She described the process for content now as being more “jelly-like”, with overlapping stages and with objectives being revisited throughout the process. Agile project management works in this way, acknowledging and trying to actively accommodate the fact that requirements can change – either due to changing external circumstances or due to the fact that the project itself uncovers new problems or opportunities.
User stories can form the backbone of such an approach as they can provide building blocks (the vertebrae, if you like) by which objectives are defined and redefined as a project progresses.
Is it really that simple?
Although the concept sounds – and, fundamentally, is – simple, user stories can be difficult to write. Particularly if you don’t have access to end-users. Often, in the team I work in at least, user requirements come to us second-hand; we negotiate with subject-matter experts who themselves are trying to understand the users.
I can imagine this being the case in a lot of areas.
- You could be an agency producing a website for a business which needs to reach its customers.
- Your client, the business, is – or should be – an expert in what it does. It is almost certainly more knowledgeable about aspects of its market than you are. But it may not understand what its customers needs are when it comes to the web, or how to translate those needs to a form that makes sense on the web.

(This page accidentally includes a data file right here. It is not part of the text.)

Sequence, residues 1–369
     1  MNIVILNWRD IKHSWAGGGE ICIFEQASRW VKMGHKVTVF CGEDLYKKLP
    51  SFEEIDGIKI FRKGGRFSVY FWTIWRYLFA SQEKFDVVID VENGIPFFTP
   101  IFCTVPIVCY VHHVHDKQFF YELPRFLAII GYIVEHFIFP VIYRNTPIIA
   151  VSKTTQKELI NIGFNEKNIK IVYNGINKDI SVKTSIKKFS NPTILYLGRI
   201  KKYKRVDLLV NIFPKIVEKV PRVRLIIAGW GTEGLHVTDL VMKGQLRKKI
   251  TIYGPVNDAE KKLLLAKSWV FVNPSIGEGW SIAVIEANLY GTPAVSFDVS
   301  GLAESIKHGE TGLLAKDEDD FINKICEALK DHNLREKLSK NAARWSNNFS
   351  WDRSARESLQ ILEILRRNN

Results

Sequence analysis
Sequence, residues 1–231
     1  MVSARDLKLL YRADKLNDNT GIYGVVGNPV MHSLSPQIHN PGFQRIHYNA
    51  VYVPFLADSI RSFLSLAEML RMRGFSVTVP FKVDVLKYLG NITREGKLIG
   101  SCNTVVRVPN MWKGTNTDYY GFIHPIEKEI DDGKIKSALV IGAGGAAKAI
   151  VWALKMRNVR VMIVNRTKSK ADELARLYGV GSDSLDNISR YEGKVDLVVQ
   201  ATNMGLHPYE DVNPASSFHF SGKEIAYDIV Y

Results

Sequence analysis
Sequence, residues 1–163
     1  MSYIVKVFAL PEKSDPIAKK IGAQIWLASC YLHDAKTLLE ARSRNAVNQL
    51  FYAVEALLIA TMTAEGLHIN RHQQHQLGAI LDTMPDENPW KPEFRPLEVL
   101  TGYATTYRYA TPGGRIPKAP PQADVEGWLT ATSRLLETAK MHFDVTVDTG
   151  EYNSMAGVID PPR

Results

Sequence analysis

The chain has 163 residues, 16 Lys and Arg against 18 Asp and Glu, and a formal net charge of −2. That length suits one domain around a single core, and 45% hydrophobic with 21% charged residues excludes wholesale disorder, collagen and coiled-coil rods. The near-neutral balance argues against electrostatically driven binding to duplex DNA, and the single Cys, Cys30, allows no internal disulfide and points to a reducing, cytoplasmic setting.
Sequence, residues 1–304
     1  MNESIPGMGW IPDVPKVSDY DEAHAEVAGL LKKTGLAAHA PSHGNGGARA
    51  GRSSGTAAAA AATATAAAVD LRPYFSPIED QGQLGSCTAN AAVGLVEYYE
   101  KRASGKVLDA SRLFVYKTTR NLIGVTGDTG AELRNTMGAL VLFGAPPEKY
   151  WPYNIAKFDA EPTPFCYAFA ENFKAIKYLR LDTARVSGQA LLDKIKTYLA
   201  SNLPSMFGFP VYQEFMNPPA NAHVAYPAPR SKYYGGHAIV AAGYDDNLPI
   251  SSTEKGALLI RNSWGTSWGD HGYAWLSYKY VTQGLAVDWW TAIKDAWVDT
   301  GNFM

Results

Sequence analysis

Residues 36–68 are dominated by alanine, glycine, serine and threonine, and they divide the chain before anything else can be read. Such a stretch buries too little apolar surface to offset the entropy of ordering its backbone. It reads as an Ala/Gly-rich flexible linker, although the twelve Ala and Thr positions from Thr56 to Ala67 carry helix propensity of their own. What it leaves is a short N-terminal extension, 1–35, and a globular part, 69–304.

- As an agency you have to be able to balance what the business is telling you with your own understanding. Their expertise needs to be tempered by your expertise of the particular medium you’re using, in this case the web.
- But sometimes the business can make demands that seem to conflict with your own experience. That can be challenging; they are, after all, your client.
Sarah talked about the actual experience of writing user stories with such clients – with subject-matter experts – and sharing responsibility for determining project objectives and how they should be achieved.
So, what are the benefits?
The benefits of writing user stories are various and in some ways obvious; Sarah helpfully listed a few:
- Assumptions are recorded and thereby made explicit. Things aren’t just made up as the project unfolds and people don’t have ideas “stuck in their heads”.
- Reduced duplication. Rather than treating user needs as separate and creating objectives that may diverge from that, the stories cover both at once.
- Facilitates sharing of skills and strengths. In this way, project stakeholders work together on definitions for the project and for project success.
But what are risks?
Subject-matter experts may have decades of experience and knowledge – that’s what helps make them experts!
Therefore, for them, there’s a risk that the content experience can feel quite demeaning, Sarah argued, because it implies that all their experience and knowledge can be distilled into a single line or a paragraph.
Subject-matter experts may also be reluctant recognise that, for their intended audience, not all their knowledge is useful, relevant or even interesting.